Never Seen

By Daniel Ruefman

She peeks through the blinds
as her husband dips a hose
in the blue plastic pool,
across the yard from their daughters,
motionless in their red power wheels,
towels draping their shoulders,
waiting for word that the water is ready.

He lights a cigarette,
grips it between his yellowed teeth,
grins and waves at the neighbor mowing
an adjacent, square plot of suburbia,
his dog stirring the contents
of the pool with his legs,
lapping it up as he moves.

Inside, she wrangles brown bottles
from his one-man-party,
in the game room, office,
bathroom, and kitchen,
until the sound of bag on bag
chimes in the trash bin.

While their girls splash in the water,
he unwraps the foil
from a Bartles and Jaymes,
downs it in one, sets the bottle
on the trunk of his car,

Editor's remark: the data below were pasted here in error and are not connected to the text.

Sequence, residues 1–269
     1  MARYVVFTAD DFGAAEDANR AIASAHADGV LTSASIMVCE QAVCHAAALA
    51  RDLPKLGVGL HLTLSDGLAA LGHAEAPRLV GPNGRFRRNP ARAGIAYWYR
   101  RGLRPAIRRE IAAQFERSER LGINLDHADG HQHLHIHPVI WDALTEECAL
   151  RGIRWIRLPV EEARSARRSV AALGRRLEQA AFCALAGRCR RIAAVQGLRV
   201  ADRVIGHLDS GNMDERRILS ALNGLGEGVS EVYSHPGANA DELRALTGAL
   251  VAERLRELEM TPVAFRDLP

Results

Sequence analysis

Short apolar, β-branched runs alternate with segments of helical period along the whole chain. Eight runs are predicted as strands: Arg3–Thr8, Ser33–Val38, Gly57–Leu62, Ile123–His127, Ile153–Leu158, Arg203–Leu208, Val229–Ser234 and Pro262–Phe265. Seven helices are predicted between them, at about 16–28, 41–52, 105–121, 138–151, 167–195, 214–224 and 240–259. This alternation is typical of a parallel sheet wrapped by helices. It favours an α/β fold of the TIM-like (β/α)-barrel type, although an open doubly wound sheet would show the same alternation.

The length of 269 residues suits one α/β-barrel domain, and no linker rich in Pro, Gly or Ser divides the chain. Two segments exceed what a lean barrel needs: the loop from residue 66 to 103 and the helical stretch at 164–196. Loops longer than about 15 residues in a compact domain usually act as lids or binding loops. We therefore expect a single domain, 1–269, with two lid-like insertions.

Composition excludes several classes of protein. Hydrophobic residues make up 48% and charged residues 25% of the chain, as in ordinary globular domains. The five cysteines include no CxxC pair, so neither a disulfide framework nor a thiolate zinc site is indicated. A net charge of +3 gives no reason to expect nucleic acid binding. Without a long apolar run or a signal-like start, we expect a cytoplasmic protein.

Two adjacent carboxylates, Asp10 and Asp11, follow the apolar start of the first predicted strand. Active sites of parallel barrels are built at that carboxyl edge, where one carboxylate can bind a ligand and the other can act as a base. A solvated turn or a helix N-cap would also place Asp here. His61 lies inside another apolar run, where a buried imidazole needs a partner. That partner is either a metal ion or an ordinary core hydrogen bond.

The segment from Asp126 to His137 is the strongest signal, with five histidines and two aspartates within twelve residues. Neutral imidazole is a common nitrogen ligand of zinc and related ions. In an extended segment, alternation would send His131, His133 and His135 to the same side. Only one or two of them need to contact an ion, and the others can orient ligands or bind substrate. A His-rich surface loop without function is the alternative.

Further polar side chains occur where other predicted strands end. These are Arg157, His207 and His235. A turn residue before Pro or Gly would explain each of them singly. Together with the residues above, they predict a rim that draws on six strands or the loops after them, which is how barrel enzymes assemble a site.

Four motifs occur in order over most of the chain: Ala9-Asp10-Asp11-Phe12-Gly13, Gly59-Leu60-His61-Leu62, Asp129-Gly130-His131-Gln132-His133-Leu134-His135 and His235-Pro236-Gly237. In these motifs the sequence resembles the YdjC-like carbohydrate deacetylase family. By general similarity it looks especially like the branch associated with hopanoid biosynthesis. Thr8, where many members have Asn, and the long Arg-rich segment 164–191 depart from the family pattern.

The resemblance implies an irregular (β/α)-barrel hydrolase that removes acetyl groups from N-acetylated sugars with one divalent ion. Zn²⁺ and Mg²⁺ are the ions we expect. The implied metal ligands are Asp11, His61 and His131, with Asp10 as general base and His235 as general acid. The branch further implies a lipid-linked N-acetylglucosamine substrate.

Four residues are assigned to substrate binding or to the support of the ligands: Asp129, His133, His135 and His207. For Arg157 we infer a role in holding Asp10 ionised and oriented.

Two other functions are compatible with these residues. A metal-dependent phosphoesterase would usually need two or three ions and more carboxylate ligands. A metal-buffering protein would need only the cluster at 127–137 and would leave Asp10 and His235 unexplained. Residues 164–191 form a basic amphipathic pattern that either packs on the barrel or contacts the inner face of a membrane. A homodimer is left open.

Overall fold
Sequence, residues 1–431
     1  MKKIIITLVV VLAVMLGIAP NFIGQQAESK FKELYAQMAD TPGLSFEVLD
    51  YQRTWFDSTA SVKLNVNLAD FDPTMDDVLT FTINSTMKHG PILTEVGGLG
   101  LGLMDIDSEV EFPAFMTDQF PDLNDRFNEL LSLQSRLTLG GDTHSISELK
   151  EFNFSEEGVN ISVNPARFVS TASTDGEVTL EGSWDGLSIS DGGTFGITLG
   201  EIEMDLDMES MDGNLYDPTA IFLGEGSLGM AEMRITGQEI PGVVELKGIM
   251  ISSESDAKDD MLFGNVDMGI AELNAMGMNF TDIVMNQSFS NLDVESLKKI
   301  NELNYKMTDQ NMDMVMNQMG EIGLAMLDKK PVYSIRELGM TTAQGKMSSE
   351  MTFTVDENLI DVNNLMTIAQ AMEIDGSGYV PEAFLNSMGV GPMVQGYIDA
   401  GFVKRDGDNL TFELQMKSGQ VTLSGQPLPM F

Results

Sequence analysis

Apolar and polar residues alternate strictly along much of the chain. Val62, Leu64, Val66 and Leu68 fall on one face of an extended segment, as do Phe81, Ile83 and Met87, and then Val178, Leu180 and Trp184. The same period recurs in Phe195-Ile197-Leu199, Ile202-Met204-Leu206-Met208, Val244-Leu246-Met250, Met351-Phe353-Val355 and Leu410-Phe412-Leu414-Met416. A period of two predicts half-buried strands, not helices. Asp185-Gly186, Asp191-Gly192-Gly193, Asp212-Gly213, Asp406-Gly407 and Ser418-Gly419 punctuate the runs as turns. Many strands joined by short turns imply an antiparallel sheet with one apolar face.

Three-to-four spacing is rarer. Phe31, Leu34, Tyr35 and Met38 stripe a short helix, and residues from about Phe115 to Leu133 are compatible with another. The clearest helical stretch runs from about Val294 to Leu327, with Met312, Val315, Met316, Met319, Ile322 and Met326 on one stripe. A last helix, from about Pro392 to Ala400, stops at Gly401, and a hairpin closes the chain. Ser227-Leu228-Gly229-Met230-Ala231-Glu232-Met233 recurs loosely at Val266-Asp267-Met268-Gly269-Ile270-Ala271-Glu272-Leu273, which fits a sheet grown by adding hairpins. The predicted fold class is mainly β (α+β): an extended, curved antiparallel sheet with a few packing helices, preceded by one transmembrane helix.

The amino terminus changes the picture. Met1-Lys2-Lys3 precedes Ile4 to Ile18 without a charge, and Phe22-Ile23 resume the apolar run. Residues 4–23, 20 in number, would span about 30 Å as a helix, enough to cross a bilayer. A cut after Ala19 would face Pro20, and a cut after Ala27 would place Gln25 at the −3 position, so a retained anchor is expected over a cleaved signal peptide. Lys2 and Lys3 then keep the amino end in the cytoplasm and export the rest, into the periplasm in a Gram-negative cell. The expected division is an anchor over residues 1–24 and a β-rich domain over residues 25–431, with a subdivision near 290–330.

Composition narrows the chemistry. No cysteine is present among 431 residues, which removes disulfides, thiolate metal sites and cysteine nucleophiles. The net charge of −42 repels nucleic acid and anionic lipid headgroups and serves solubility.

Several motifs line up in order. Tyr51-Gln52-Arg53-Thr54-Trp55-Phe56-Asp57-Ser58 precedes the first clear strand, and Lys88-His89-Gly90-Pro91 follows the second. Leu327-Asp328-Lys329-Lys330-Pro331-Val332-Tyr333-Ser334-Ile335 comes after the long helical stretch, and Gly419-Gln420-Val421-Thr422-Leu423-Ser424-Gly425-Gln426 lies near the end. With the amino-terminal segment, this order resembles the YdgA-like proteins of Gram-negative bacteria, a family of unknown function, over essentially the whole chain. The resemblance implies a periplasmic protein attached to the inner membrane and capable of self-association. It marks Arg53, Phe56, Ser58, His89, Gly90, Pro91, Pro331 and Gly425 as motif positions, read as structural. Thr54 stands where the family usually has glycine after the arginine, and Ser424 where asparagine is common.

and pulls another from the fridge,

in denial of threats incarnate
living in the manila folders
on the kitchen counter
next to the calendar
with weeks ticked off in red,
two days before the words—
divorce final.

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Daniel Ruefman is a widely published poet whose work has appeared in dozens of periodicals, including Red Earth Review, Torrid Literature Journal, Barely South Review, Minetta Review, SLAB, FLARE: the Flagler Review, Burningword, and others. He is author of the chapbook, Breathe Automatic, released in 2014 by Finishing Line Press. Daniel currently teaches writing at the University of Wisconsin—Stout.

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